Hoping to prevent Ferguson or Dallas here, Hillsborough will hold community-police workshops
TAMPA -- Amid a national outcry against police shootings of black men and the targeted killings of police officers in cities like Dallas, Hillsborough County wants to take steps to prevent a similar incident here.
At the urging of Commissioner Les Miller, the county’s lone black commissioner who is also the father of a police officer, Hillsborough County will hold workshops for the community and law enforcement to better understand each other.
Commissioners voted 7-0 Wednesday to approve the workshops, which will cost $30,000 over next year.
Miller said the cost was a “a drop in the bucket for what they’re going to be doing to prevent us from having some of the issues we’re having across the country.”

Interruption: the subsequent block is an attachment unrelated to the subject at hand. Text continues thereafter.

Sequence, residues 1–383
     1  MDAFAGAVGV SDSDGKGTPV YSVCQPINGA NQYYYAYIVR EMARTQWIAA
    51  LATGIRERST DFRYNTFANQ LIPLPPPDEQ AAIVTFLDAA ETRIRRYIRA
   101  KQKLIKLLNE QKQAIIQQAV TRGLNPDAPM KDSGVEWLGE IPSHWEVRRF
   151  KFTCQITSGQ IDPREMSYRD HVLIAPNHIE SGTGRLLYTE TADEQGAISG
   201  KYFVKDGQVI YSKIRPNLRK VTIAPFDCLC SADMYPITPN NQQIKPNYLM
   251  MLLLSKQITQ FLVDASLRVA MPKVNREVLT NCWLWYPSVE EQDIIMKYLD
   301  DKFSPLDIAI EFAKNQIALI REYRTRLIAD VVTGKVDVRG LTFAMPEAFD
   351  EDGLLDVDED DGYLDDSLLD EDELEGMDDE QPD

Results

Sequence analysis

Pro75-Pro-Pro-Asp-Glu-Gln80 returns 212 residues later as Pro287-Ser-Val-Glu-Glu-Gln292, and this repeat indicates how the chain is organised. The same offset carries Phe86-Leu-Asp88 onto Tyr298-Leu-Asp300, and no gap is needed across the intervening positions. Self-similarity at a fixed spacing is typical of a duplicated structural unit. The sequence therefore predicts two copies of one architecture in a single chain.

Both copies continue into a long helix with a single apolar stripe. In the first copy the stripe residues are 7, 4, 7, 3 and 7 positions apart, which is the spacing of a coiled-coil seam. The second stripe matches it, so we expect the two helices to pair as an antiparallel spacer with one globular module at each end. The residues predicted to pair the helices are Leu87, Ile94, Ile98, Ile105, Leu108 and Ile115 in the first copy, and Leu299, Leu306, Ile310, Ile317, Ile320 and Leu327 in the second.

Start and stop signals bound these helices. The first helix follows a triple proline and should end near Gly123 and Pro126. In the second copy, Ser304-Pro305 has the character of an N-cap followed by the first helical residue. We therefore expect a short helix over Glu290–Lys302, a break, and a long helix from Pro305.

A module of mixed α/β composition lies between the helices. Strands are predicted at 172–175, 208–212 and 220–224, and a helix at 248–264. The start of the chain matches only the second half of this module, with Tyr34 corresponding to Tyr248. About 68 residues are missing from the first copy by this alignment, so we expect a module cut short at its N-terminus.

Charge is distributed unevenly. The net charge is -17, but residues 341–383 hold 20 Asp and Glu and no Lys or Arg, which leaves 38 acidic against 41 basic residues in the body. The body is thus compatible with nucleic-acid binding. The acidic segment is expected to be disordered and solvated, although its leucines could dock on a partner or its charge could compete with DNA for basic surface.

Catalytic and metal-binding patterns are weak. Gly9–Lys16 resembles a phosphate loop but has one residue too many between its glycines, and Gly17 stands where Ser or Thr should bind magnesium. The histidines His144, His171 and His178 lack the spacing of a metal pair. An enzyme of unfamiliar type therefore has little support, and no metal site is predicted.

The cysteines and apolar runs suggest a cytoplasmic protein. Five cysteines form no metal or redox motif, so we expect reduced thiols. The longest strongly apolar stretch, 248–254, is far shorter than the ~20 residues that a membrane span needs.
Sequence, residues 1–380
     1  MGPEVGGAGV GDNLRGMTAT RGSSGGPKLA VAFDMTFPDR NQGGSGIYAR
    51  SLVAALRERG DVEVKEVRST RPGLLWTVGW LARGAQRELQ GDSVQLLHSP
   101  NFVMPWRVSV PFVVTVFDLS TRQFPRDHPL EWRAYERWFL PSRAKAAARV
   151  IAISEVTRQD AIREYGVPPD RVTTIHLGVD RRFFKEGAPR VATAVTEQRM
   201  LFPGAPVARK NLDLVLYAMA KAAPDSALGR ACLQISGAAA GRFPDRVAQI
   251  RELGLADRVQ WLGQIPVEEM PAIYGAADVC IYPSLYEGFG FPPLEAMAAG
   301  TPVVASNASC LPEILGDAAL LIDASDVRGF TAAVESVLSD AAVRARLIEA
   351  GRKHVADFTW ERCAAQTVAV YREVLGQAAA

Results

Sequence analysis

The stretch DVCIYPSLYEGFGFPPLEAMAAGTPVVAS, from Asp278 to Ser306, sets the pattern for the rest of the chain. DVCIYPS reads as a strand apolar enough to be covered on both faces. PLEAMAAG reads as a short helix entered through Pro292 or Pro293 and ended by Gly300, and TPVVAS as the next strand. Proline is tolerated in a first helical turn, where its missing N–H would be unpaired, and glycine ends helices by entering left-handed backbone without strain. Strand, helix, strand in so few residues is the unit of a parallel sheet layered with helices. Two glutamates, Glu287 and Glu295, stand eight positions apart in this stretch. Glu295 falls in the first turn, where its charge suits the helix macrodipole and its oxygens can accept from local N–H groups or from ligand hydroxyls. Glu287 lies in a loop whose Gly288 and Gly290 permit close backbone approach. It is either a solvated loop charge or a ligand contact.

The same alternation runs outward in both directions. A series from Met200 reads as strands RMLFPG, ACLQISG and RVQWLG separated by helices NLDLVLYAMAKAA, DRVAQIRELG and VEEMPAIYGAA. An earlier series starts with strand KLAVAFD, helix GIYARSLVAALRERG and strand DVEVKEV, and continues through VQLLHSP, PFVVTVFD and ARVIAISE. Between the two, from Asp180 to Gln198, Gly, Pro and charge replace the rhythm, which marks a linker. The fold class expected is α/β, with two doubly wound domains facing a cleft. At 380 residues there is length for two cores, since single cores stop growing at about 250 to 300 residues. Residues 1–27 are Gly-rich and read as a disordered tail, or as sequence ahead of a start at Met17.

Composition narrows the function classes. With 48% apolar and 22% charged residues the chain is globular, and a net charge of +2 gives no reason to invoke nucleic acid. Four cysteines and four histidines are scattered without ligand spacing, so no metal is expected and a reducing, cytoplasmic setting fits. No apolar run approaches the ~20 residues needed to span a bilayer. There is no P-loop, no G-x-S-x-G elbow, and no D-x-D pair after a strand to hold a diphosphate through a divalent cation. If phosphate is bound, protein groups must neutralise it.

During the next 12 months, Hillsborough will hold seven workshops -- four for adults, two for youths, and a leadership retreat. Residents will have the opportunity to hear from police what it’s like to wear a uniform and participate in ride alongs. In turn, police will hear presentations like “Is racism real or imagined?” and will collaborate with residents on recommendations to promote mutual respect and create good relations.
The program, called Community-Law Enforcement Workshops, or CLEW, started in Florida in the 1980s.
The Tampa Bay region has experienced racial tensions in the past for police involved shootings of black individuals, most notably in St. Petersburg in 1996 and Tampa in 1967. Miller hoped that by holding the workshops Hillsborough County could avoid reliving those days and the turmoil seen Milwaukee and Ferguson and Dallas and Baton Rouge.
“We are fortunate not to have had that incident in Hillsborough County,” Miller said. “That’s not to say it will not happen.”